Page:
Alaska Studies: For my own chapters, I learned a lot about my individual region and learned a little more about commonalities and differences between regions. Through reading other groups’ work, I gained a bit more information about other regions, but not as much about Alaska as a whole. At times, the learning seemed fragmented. Even within my own region, I focused so much on my own sections, that I did not get to really dive deep into others. This is a challenge with project-based learning, it takes time and students miss details when they are focused on their own interests. I appreciated that the course was taught in combination with Angie’s course so we could continue to gain a deeper, cohesive understanding of multi-cultural ed. while working on the iBook. I think before teaching Alaska Studies to my students, I have a lot more learning to do on the big picture, historical timelines, and cultures in each region… but now I’ll have the tools I need to gain a broader and deeper understanding, including an iBook to use in my classroom!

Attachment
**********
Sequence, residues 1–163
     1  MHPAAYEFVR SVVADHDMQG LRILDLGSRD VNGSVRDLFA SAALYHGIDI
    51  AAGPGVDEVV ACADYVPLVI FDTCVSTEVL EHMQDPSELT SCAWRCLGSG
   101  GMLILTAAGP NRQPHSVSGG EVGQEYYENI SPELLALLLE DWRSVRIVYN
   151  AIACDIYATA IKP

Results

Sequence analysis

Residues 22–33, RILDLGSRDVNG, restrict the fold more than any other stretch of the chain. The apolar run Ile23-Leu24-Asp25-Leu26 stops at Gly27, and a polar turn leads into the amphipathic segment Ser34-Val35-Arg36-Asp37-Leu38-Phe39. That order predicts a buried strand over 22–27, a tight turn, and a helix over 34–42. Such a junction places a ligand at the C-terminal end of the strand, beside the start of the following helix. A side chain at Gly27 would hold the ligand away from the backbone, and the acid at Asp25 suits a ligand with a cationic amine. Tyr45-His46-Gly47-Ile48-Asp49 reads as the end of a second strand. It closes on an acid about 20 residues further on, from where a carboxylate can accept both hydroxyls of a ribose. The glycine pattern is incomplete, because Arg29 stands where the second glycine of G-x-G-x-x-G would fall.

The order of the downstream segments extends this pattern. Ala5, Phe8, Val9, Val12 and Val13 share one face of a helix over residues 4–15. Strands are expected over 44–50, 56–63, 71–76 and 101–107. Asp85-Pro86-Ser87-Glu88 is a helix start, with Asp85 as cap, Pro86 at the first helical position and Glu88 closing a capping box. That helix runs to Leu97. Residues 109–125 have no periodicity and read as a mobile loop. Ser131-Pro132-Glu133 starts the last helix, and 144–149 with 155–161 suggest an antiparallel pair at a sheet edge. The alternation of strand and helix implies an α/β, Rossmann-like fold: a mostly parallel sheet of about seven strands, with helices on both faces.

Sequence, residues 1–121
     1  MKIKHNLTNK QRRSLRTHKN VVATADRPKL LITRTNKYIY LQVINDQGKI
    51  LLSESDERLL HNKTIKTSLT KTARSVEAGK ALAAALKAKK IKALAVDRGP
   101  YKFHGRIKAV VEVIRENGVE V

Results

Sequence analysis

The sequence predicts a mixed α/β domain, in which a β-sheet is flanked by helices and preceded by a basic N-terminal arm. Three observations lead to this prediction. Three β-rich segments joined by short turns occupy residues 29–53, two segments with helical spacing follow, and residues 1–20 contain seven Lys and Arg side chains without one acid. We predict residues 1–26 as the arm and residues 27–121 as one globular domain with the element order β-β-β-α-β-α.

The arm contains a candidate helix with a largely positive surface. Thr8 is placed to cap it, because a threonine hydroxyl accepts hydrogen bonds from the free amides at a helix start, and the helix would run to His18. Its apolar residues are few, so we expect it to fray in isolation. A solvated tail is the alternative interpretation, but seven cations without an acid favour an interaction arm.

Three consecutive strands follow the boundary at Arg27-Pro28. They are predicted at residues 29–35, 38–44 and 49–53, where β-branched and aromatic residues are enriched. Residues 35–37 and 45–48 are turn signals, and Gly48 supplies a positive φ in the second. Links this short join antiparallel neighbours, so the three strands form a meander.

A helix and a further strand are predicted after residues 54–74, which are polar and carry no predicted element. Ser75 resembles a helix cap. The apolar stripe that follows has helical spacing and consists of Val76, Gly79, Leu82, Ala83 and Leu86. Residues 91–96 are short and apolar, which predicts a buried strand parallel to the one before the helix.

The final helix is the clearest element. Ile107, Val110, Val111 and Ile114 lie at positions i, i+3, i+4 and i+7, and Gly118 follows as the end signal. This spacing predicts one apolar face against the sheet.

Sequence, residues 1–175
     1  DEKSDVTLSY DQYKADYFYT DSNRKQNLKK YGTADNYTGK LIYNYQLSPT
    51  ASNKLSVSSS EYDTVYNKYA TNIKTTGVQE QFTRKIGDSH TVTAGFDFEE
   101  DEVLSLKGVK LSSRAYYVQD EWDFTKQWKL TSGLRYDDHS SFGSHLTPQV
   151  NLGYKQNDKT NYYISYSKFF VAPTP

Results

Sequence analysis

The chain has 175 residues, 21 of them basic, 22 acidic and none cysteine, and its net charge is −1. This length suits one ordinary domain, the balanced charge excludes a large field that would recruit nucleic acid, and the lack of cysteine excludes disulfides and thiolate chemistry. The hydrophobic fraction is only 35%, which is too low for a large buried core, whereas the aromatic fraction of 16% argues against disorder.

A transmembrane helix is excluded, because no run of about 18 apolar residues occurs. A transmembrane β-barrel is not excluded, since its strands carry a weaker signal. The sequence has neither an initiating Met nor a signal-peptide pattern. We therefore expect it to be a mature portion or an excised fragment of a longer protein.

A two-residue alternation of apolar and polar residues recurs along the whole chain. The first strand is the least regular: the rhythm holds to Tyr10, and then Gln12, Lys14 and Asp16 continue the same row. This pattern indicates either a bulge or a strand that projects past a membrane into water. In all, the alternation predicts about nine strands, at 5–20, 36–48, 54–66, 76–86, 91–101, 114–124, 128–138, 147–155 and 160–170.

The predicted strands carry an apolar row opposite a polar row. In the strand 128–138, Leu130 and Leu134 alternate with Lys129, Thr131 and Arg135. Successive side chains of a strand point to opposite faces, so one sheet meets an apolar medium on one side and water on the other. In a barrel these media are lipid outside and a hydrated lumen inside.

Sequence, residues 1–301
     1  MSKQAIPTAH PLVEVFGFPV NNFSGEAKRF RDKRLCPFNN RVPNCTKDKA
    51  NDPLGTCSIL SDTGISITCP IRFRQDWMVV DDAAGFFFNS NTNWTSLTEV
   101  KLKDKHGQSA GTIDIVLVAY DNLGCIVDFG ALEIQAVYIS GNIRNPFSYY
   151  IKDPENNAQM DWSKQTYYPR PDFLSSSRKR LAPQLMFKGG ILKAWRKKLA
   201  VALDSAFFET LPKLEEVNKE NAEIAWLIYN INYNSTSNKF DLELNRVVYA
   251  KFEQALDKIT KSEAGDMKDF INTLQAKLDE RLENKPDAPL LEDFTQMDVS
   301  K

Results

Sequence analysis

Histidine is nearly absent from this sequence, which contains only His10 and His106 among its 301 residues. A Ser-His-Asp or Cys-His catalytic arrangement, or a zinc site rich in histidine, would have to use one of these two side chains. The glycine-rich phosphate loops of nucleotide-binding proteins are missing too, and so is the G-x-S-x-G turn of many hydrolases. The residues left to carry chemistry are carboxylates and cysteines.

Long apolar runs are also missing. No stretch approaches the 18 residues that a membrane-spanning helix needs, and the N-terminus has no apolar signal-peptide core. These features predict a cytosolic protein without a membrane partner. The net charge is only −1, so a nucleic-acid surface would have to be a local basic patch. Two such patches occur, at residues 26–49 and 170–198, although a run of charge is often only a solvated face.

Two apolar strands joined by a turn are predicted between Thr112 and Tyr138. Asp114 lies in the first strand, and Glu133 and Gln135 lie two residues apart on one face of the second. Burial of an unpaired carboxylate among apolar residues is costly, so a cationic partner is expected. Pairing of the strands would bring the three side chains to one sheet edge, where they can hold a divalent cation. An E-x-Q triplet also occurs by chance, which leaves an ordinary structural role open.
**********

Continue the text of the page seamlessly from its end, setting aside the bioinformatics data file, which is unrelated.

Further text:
Teaching Students To Teach Themselves

books-floating-cloud-23748914-2To forget or to not forget that is thine question. Lectures tend to go in one ear and out the other. Involving critical thinking and getting ones hands dirty helps to remember. The Guilds of The Renaissance always stand out to me when talking about project based learning. There is no better way than to do.

One post in our cohort mentioned project-based learning is slower without having an expert on the subject. That is true however, where is the struggle if you can just get the answer and it is through the struggle one learns or gets better at learning. Although, in our case, I feel like the museum was the expert. I may have never visited the museum if it wasn’t a part of our class. An artifact is worth a thousand words…

Two things about this class that I think are invaluable are the technological aspects and how to’s of project based learning. Haiku Deck, Google map making, iBooks, WordPress, etc all have uses beyond what we used them in class for. Furthermore, it will happen, for all of us in the cohort, one day we will have to teach and don’t know much about a subject or we are unprepared. Project-based learning is invaluable in that sense and it aids retention. Most of all, teaching students how to teach themselves is the most important lesson any teacher can give.

ALTS 600